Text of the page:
Broadcast on BBC TWO this evening, Miracle in the Marshes of Iraq was a wonderful example of wildlife documentary making.
The program presented the work of Azzam Alwash, a man who grew up with the Mesopotamian Marshes in his soul, and a man blessed with the vision to restore the vast area - once dominant in south east Iraq - to its former glory. In the 1990's Saddam Hussein decided that in order to eradicate the indigenous people of the wetlands he would drain the region - turning it into a naked dustbowl. The rivers that once supplied the wetlands with water, like the Euphrates, were placed in straight-jackets and a network of canals was built to channel water towards the Gulf instead of the central marshes.
Today, Alwash is overseeing the return to life of the area. Birds, mammals, fish... the people. Here it all seemed as one. A way of life restored for everything.
Before this evening I had absolutely no idea the Mesopotamian Marshes ever existed, and no idea about the work that is taking place to restore them. Now I am captivated and will be donating to Nature Iraq, the organization Alwash established to give the work its core structure.
The return of birds shown in the documentary, from the characterful Pied Kingfisher, to the elegant Black-winged Stilt, to the Greater Flamingos, Iraq Babbler and mostly heartening of all... the Basra Reed Warbler (almost endemic to the region) demonstrate that if you provide the environment they will come. The most amazing sight, however, was a flock of c.40,000 Marbled Teal, a species last seen in the country over 20 years ago. The look on the film maker's, and Alwash's face, was unforgettable. He could see the past erupting into life and could not contain his delight.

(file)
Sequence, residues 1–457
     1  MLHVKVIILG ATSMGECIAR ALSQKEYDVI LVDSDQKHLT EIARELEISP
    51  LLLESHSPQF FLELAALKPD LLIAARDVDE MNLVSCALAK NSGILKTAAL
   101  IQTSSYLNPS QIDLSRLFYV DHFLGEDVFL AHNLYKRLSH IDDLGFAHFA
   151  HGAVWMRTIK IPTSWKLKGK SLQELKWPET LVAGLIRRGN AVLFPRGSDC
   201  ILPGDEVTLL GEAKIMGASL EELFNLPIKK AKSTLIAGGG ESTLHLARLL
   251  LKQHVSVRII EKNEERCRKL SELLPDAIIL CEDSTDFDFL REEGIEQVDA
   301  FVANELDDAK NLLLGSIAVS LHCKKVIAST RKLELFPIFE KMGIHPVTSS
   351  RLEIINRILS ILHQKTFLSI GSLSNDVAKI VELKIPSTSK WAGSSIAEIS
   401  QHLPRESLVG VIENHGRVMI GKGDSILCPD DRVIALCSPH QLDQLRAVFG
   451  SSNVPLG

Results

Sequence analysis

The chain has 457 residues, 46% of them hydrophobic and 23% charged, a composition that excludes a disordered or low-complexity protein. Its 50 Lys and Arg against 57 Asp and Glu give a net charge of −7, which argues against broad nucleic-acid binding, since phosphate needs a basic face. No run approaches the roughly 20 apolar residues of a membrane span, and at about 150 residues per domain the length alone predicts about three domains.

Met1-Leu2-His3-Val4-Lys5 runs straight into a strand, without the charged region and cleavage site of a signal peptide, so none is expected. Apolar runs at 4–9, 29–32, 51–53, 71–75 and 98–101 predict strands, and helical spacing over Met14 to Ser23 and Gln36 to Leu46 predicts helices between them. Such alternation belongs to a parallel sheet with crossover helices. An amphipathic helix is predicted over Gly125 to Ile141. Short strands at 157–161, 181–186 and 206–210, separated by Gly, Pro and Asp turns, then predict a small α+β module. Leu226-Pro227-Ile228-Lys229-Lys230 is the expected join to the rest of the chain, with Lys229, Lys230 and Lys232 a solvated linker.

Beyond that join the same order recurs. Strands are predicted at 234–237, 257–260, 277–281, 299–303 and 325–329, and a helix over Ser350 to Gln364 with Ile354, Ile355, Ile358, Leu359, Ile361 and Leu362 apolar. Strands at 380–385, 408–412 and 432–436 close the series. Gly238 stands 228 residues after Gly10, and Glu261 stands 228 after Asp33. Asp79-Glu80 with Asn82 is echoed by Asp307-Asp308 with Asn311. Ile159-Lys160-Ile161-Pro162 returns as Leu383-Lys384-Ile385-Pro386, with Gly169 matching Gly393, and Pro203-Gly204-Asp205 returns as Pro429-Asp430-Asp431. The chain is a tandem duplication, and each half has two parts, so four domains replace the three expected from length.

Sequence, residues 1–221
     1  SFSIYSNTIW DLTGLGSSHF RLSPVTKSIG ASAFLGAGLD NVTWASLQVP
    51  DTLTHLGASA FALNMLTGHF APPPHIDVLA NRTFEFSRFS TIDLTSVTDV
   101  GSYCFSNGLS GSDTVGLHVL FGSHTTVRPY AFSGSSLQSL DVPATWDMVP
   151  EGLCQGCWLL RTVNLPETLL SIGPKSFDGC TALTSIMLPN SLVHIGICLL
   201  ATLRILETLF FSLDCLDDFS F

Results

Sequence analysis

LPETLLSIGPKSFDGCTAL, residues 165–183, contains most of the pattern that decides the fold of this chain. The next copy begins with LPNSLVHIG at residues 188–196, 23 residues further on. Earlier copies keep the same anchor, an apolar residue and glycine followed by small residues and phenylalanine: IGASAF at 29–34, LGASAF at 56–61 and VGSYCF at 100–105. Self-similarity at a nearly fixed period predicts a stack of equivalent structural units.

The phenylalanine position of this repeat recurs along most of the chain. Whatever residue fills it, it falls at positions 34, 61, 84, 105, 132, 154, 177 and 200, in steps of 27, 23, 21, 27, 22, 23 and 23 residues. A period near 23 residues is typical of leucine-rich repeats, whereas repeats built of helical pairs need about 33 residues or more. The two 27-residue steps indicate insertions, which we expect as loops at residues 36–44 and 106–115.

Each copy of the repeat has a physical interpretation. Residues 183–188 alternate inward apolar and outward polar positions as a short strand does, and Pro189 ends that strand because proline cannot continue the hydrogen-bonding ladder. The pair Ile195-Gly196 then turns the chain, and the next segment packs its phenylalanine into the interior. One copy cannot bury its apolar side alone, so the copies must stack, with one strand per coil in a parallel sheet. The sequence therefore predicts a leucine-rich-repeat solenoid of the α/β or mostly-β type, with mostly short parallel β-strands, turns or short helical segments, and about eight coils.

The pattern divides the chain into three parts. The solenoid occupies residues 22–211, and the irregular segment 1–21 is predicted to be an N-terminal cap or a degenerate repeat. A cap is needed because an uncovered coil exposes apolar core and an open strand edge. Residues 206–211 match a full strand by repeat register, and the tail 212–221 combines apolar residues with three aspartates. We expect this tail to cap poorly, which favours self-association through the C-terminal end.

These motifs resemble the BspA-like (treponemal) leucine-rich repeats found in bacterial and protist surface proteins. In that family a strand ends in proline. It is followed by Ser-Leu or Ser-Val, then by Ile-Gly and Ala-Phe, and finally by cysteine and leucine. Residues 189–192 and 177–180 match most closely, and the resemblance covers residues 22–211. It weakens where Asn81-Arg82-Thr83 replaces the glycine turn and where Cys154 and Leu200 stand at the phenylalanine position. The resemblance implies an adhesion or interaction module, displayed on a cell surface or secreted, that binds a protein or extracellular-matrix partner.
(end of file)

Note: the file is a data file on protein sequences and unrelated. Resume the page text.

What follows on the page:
Of course, the film was careful to highlight what a dangerous place Iraq remains, and we were never far away from a weapon, or bunker, or armoured vehicle. This stuff demands attention, too. If only the country could stabilise sufficiently that tourism could gain even a slender foothold, I've no doubts these wetlands would represent an essential 'eco-tourism' destination. Sure, even from a environmental point of view the comeback is a slow one ("two steps forward, once step back... but on the right track", as Alwash put it). For example there are issues with maintaining sufficient water supply to allow full restoration of the marshes. Dams upstream in Syria and Turkey rob the region of the water supply it once enjoyed, and so Alwash has had to get creative with the water trapped in Saddam's canal network. But still... the place looked, frankly, awesome.
A glowing word, also, for the film makers themselves. There was a well thought out narrative to the program, no talking down to the audience, and the problems were laid out as openly as the successes.
Here is a link the program in the BBC's iPlayer - http://www.bbc.co.uk/iplayer/episode/b00xxf9f/hd/Natural_World_20102011_Miracle_in_the_Marshes_of_Iraq/
If you need to put a spring in your step this winter, look no further.
Birding in Iraq.
What a prospect.